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In fact, the waters of baptism have an even richer symbolism than simply the symbolism of the grave. The waters also remind us of the waters of God’s judgment that came upon unbelievers at the time of the flood (Gen. 7:6–24), or the drowning of the Egyptians in the Exodus (Ex. 14:26–29). Similarly, when Jonah was thrown into the deep (Jonah 1:7–16), he was thrown down to the place of death because of God’s judgment on his disobedience—even though he was miraculously rescued and thus became a sign of the resurrection. Therefore those who go down into the waters of baptism really are going down into the waters of judgment and death, death that they deserve from God for their sins. When they come back up out of the waters of baptism it shows that they have come safely through God’s judgment only because of the merits of Jesus Christ, with whom they are united in his death and resurrection. This is why Peter can say in 1 Peter 3:21 that baptism “corresponds to” the saving of Noah and his family from the waters of judgment in the flood.
Paul identifies the waters of baptism with the burial of Christ. The burial of Christ showed that his body was truly dead, so also, we being identified with the burial of Christ shows that our old self is truly dead and thus we should live free from the dominion of sin (Rom. 6:6, etc.). But our going under the waters of baptism and of God’s judgment is not in order that we may die and be condemned. Rather, the reason, as the apostle gives it, is that we may come out of the water in newness of life, just like the Lord Christ did. The Lord Christ did not die and was buried to remain dead and buried, but that He may obtain eternal redemption for His people by His death and resurrection and enter into His rest. So, in like manner, the believer goes into the water-grave but comes out of the waters of baptism in newness of life. His old self remains in the waters of God’s judgment, and a new person emerges. The going into the waters of baptism identifies us with Christ’s death. As John Gill observed on Romans 6:4, “for believers, whilst under water, are as persons buried, and so dead; which signifies not only their being dead with Christ, and their communion with him in his death, but also their being dead to sin by the grace of Christ, and therefore ought not to live in it: for the apostle is still pursuing his argument, and is showing, from the nature, use, and end of baptism, that believers are dead to sin, and therefore cannot, and ought not, to live in it; as more fully appears from the end of baptism next mentioned”.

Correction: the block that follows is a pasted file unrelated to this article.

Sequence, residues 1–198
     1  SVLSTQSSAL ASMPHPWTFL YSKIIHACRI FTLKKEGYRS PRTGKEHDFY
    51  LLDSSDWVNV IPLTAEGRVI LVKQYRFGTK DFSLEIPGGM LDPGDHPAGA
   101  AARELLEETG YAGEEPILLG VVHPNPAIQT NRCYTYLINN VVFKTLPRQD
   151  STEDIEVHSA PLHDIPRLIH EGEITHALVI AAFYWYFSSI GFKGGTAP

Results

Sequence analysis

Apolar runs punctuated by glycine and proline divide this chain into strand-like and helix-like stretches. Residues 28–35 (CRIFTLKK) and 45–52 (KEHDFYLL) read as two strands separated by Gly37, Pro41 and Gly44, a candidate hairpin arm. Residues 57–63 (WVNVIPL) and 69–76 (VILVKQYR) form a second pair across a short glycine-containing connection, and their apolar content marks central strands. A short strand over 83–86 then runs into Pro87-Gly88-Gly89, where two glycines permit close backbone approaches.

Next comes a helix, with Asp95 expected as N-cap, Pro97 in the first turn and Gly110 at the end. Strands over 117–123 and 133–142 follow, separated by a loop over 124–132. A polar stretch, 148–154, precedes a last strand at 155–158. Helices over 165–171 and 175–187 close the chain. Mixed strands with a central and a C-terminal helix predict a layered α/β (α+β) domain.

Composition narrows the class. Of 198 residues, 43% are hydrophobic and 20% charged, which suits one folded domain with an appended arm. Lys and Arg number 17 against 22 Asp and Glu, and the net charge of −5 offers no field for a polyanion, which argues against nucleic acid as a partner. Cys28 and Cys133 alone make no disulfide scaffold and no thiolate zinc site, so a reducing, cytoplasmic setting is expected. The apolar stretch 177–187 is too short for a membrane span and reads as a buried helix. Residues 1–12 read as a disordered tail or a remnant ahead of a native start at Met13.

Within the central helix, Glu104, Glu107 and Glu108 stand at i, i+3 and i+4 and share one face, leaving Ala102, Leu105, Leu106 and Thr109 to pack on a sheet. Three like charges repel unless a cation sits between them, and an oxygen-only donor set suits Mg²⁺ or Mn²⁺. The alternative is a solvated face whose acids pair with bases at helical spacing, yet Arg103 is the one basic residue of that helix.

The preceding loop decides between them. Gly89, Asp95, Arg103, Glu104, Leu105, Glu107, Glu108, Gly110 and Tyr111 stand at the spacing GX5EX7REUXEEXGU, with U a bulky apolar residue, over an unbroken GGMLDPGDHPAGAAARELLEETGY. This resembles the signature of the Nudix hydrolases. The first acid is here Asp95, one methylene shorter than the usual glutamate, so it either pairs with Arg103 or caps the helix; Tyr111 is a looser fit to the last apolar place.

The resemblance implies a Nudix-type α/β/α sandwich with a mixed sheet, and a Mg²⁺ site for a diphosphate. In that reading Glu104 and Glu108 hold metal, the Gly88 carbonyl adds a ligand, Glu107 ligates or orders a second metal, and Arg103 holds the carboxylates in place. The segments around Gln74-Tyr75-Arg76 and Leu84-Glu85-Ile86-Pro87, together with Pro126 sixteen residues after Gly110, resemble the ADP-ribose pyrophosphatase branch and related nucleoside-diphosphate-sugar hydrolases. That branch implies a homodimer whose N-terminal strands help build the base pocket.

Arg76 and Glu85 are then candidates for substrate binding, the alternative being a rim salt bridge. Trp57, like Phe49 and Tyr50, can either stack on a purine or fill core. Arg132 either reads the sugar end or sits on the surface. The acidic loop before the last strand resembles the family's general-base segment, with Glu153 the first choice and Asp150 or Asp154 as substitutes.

Paul here is not teaching that baptism is the vehicle that brings regeneration and the new life, for that is contradicted by everything he laid down in the previous chapters about how justification is by faith and grace alone. Rather, baptism is that which signifies and symbolizes the truths of justificati...